menclng at the southwest corner of T. W. Mac
Kee's lot and running thence south 5 rods,
thence east 16 rods, thence north 5 rods, thence
west 16 rods to the place of beginning, in Wasco
eounty, Oregon, I levied upon said real estate
m me ia uay 01 ueeemDer, lyu, and to satisfy
the aforesaid several sums and accruing costs, 1
will sell the same at public auction to the high
est bidder, cash in hand, at the court house dd.ir,
in Dalies city, in said county of Wasco, on the
7th day of February, 1891, at the hour of 2 o'clock
in the afternoon. D. L. CATE8,
6-1-1 Sheriff of Wasco County, Oregon.
$500 Reward !
We will pay the above reward for any case of
r-iver v nm
directions are strictly complied with. They are
purely vegetable, and never fail to give satisfac
tion. Sugar Coated. Large boxes containing 30
Pills, 25 cents. Beware of counterfeits and imi
tations. - The genuine manufactured only by
THE JOHN C. WEST COMPANY, CHIGAGO,
176 Second St. The llle, Or.
TUESDAY, DECEMBER 30, 1890.
News from All Parts of
& the World; -.-:
SPECIAL TO THE CHRONICLE.
A FIGHT AT LAST..
Hundred Hostlles Made Good
Indiana by U. S. Soldiers.
Washington, Dec. 30. The com
missioner of Indian affairs' this morning
received the following confirmatory dis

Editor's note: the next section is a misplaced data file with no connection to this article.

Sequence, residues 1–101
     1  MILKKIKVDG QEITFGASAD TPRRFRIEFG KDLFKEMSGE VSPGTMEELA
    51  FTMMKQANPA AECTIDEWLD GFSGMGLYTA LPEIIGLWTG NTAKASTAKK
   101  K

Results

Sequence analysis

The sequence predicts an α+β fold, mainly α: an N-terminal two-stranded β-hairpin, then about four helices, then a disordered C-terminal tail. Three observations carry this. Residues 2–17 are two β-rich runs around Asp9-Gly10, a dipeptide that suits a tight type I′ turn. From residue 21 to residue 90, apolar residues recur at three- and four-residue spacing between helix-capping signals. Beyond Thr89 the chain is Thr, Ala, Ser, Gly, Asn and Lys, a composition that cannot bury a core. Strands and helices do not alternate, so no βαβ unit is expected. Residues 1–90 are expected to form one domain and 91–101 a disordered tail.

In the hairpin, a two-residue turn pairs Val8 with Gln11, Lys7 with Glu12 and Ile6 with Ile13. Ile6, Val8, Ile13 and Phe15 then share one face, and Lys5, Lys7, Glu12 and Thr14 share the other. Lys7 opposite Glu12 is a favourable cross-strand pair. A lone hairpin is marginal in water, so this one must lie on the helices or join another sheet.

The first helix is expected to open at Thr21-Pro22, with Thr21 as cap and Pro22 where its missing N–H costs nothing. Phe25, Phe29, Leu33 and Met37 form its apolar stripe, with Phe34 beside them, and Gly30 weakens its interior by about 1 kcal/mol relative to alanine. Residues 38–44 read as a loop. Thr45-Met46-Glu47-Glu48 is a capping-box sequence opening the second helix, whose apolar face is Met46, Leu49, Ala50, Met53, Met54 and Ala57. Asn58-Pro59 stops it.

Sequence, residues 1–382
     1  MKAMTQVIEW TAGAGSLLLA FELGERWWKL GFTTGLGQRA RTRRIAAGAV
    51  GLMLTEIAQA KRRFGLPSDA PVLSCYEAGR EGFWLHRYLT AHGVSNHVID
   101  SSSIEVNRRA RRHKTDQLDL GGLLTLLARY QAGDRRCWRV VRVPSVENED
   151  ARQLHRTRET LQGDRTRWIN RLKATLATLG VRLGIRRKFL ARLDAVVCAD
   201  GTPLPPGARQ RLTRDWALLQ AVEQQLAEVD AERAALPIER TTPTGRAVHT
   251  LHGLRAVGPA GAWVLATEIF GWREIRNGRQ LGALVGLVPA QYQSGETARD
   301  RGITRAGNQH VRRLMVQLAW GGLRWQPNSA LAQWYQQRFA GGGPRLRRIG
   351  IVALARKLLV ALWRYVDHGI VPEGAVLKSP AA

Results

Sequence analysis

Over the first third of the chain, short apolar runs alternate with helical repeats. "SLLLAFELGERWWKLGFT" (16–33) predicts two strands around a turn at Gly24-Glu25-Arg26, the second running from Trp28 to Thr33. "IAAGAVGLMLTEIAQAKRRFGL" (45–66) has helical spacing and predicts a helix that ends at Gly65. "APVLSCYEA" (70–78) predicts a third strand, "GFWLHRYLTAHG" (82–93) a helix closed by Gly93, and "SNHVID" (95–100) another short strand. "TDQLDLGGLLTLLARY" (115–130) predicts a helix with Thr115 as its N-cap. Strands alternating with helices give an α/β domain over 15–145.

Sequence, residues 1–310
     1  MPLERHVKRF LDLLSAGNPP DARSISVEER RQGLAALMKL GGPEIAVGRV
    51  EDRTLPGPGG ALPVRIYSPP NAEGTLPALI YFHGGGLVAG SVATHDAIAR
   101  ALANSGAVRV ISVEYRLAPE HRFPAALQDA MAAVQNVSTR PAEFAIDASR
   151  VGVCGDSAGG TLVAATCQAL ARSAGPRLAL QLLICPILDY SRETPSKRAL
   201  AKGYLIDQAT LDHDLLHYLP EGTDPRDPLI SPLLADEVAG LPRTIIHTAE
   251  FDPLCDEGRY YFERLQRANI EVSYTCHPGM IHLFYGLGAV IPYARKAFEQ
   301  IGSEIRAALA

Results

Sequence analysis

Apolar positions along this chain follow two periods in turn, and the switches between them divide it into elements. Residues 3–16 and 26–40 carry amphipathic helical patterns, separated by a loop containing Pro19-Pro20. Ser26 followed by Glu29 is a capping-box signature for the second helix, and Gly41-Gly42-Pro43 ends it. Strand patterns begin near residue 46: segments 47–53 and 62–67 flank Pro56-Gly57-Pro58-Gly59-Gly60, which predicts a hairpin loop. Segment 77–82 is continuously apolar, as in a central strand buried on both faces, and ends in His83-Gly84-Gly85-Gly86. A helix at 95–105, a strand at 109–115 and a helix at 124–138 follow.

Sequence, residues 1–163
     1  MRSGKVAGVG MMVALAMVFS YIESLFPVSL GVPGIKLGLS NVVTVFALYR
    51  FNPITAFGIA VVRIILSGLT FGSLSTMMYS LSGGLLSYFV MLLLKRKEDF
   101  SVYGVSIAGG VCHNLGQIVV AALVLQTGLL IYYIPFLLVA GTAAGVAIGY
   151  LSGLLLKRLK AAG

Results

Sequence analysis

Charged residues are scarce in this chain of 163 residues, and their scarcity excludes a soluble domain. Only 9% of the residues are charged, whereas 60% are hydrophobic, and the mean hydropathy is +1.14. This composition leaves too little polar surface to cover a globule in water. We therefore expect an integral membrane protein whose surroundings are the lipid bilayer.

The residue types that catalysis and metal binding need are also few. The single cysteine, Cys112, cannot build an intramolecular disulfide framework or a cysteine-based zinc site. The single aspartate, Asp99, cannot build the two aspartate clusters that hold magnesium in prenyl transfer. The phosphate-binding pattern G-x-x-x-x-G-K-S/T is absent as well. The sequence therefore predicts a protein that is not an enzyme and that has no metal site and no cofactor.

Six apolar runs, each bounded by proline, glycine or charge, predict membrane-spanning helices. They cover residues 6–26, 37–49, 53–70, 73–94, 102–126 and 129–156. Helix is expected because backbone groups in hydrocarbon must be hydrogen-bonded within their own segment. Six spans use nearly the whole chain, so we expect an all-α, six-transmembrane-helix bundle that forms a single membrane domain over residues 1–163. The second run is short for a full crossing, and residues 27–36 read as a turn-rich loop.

patch from Agent D. F. Royer, dated
Pine Ridge Indian Agency, Dec. 29th :
On Wounded Knee creek this morning
while soldiers disarming Big Foot's band
after surrender, a fight took place which
resulted in killing about 300 Indians and
several soldiers, including Captain
Wallace, with a number of wounded.
Two Strike and his party, who were
camped on White Clay creek, just below
Red Cloud's house, opened fire on the
agency from the hill tops opposite the
boarding school, wounding two soldiers.
The police returned the fire killing two
of Two Strike's Indians and wounded
Two Strike and band ' have retreated
in a northwesterly direction from the
agency and is supposed to be trying to
make his way back to the Bad Lands.
Thus far the Pine Ridge Indians have
taken no active part in the war, but Bfg
Foot, Slow Bear, Kicking Bear and Two
Strike's band have been and are very
active in. creating disturbances.
A special from Rushville says : "At day
break this morning thirty Indians be
longing to Two Strikes band tried to